United NationsDepartment of Economic and Social Affairs Sustainable Development

Major Group: NGOs

Thank you mister co-chair,
Allow me to start on a personal note. Some years ago I visited the United States and stayed with
friends in Orlando, which is a metropolitan area with a population of two million people. Literally, the
only way to get to their home was by car. Any other means of transport was non-existing or
structurally not allowed. As an example, their neighborhood had no walking paths, thereby making
walking illegal. So the city planners in the land of freedom had restricted the choice of transport to
just one ? and one of the most environmentally polluting at that.
Of course, this was not by any means an extraordinary experience, but this is exactly the reason why
it is suitable to highlight the next few points ? which resonate with several earlier interventions, for
example the one of the Major Group Local Authorities.
First of all, spatial planning is crucial. This is clearly a question of travel miles, economic,
environmental and social costs. It is also a question of access. Here in Manhattan, there are almost as
many people living as in greater Orlando, but in less than 1% of the Orlando metropolitan area.
Obviously, high density building allows for more efficient and collective transport, and access equity.
But there?s more to the picture of spatial planning. For example, transport infrastructure has also
major consequences for plant and animal life, biodiversity and ecological functions. Roads can divide
habitats, interfere with migration routes, increase accidents involving wildlife, and potentially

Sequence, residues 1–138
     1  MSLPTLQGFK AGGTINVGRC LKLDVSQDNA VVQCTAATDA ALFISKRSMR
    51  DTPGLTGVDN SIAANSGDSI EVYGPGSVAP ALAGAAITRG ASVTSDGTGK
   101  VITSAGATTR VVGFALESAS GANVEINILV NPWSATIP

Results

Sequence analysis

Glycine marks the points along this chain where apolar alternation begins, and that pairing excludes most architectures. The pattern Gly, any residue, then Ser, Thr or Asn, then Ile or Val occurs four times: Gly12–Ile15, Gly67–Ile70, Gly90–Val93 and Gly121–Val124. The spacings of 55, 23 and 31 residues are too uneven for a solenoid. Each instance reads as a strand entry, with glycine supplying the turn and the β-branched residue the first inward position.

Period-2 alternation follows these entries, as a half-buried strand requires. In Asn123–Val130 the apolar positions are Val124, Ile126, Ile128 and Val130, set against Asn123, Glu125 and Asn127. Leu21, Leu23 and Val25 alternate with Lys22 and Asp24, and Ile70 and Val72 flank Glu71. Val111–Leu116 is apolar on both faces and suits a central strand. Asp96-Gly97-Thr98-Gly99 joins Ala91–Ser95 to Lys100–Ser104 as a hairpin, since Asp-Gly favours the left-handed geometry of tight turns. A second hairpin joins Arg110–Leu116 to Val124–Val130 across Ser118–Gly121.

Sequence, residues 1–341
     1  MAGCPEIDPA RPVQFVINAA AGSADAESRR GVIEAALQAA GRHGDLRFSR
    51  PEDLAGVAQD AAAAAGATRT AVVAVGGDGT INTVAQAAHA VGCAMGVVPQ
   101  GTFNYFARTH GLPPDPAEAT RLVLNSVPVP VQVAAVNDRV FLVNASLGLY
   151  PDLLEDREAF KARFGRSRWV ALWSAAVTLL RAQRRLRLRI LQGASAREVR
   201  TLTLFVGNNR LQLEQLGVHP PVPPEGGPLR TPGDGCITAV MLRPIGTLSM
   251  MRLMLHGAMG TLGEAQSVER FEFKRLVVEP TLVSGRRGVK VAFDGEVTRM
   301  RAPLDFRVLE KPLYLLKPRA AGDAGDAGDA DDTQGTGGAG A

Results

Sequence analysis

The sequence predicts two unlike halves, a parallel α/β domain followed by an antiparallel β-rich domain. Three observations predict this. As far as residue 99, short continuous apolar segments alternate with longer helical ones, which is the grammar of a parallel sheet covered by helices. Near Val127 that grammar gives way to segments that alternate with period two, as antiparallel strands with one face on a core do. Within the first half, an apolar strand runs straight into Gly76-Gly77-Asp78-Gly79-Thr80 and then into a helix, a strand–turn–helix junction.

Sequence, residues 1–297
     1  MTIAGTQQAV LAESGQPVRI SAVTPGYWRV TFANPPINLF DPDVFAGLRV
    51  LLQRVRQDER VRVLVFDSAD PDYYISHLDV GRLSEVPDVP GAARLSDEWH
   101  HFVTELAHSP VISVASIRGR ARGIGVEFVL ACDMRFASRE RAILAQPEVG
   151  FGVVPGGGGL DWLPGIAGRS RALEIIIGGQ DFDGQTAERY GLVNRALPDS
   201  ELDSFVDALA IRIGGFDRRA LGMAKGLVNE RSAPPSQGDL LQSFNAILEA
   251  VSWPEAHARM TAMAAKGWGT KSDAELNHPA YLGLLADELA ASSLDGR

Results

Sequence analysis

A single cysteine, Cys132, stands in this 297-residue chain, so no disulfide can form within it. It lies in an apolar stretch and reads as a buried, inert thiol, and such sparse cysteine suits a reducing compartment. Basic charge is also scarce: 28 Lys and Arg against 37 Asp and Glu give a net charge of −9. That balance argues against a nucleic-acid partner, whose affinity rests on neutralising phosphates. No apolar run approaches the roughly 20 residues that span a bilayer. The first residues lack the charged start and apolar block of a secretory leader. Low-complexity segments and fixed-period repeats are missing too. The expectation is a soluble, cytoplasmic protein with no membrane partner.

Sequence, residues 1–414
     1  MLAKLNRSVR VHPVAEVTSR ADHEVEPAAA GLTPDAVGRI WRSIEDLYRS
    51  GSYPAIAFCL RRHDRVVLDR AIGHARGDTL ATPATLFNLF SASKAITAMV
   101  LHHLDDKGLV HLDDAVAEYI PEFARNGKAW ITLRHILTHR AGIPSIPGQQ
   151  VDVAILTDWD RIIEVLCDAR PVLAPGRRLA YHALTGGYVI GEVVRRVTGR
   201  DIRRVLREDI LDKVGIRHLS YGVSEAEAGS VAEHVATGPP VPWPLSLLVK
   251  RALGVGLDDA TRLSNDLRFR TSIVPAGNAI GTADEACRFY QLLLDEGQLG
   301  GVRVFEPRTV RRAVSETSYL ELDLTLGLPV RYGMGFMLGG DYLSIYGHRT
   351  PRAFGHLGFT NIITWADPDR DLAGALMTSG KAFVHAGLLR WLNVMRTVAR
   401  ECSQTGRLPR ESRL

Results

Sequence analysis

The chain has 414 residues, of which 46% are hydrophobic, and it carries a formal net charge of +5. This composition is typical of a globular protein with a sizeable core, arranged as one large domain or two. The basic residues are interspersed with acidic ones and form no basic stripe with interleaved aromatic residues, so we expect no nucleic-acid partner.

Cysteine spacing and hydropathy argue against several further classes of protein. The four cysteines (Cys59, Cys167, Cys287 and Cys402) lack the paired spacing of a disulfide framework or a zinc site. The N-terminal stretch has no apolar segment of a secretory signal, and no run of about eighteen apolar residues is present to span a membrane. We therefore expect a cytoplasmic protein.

devastate the habitat?s carrying capacity for species.
The second lesson to be learned from my experience is that individual transport is still prioritized
over collective transport, and motorized transport is privileged above non-motorized forms of
transport. All too often, priority still is given to cars, which can easily make using a bicycle too
dangerous to even consider; leading to more people actually needing cars. Last week, I had the
privilege to cycle through Manhattan, but I was a bit doubtful about the safety of my undertaking.
Moreover, and this relates to the third question, what is almost completely forgotten in our
transport conversation is that animals are still an important source of transportation for goods and
people ? and they will likely to continue to be so in the next decades or so, especially in rural areas of
developing countries. To improve these animal-based transport services, provisions should be in
place to provide adequate shelter, water, food and access to veterinary care. Such improvements are
typically relatively very low cost, but can make a substantial difference to achieving development
goals.
Finally, my example shows that transport is also all about culture. The total absence of any free
choice in transportation matters was to my American friends the exact opposite, as to have a car was
precisely that: the epitome of freedom. This means that alongside changing planning and changing
modes of transportation we must change the way we think and experience transport, change public
and political perceptions, so that new, sustainable forms of planning and collective and nonmotorized
forms of transport become something to aspire to ? and unsustainable forms will be
discouraged and restricted.
Thank you very much.